Eruption Frequency and Size

Volcanic eruptions come in different sizes and explosiveness. Eruptions can be best compared by calculating the amount of erupted volcanic ash and pumice in terms of the volume of magma released (shown in this diagram by orange spheres). Small eruptions (0.01 km3) occur on the order of once every few months. Very large eruptions (1000+ km3), however, occur about once every 100,000 years. The difference in eruption scales is due to the time it takes to build the necessary magma volume and gas pressure required for a large eruption.

As you can see in the graphic, the Yellowstone eruption 2.1 million years ago released 585 miles3 (2,450 km3) of magma (shown in this diagram by orange spheres), or one-fifth of the volume of Lake Superior. It:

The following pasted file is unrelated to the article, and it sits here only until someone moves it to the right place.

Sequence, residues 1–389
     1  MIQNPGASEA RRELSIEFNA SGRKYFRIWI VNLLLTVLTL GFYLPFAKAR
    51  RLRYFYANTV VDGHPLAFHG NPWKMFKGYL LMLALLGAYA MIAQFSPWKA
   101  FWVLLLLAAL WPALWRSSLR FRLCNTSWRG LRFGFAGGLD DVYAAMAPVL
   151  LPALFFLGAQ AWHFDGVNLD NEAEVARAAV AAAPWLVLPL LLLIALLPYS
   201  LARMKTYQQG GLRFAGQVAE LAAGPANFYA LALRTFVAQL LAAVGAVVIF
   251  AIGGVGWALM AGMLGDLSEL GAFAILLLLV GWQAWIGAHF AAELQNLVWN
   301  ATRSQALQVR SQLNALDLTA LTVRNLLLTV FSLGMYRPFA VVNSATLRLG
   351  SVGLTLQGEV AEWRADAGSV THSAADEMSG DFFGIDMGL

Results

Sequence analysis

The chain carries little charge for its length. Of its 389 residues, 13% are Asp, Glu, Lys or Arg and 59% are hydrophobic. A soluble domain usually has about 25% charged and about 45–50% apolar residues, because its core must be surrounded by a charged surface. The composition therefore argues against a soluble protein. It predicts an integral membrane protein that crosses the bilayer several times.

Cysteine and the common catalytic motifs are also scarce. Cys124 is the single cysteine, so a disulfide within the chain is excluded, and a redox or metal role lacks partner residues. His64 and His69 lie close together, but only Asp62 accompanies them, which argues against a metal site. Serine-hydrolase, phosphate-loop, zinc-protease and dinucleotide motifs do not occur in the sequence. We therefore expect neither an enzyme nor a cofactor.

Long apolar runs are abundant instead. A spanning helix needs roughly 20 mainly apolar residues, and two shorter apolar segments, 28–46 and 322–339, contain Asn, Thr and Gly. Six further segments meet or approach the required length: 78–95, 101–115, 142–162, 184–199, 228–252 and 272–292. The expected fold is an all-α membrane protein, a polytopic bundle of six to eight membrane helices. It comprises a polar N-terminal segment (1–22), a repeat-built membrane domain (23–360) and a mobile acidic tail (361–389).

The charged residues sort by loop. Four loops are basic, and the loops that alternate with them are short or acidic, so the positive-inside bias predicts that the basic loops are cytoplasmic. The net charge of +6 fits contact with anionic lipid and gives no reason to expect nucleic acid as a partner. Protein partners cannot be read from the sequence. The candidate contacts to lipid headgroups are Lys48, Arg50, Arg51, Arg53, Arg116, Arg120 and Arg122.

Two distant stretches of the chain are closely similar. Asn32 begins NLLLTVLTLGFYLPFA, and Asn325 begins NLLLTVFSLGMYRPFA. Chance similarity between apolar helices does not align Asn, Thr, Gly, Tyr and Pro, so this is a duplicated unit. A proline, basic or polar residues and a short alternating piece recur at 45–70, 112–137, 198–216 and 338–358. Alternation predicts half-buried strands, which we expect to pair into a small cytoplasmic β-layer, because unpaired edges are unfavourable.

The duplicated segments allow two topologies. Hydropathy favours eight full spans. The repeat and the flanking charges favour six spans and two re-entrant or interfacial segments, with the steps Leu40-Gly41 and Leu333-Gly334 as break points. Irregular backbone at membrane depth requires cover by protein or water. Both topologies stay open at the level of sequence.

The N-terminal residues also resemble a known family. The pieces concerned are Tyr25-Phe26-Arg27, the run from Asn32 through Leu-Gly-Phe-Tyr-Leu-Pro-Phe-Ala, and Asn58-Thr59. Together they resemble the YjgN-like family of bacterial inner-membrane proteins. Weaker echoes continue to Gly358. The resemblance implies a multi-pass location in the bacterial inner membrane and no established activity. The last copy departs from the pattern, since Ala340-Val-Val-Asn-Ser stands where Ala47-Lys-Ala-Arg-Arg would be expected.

“was nearly 6,000 times greater than the volume released in the 1980 eruption of Mount St. Helens, Washington, which killed 57 people and caused damage exceeding $1 billion. Even the 1815 Tambora, Indonesia, eruption—the largest on Earth in the past two centuries—was one-fifth the size of the smallest of Yellowstone’s three great prehistoric eruptions” (reference USGS: )

A chart showing the relative sizes of 7 eruptions: Yellowstone is the biggest, Mt St Helens is the smallest in terms of volume of material expelled to the surface.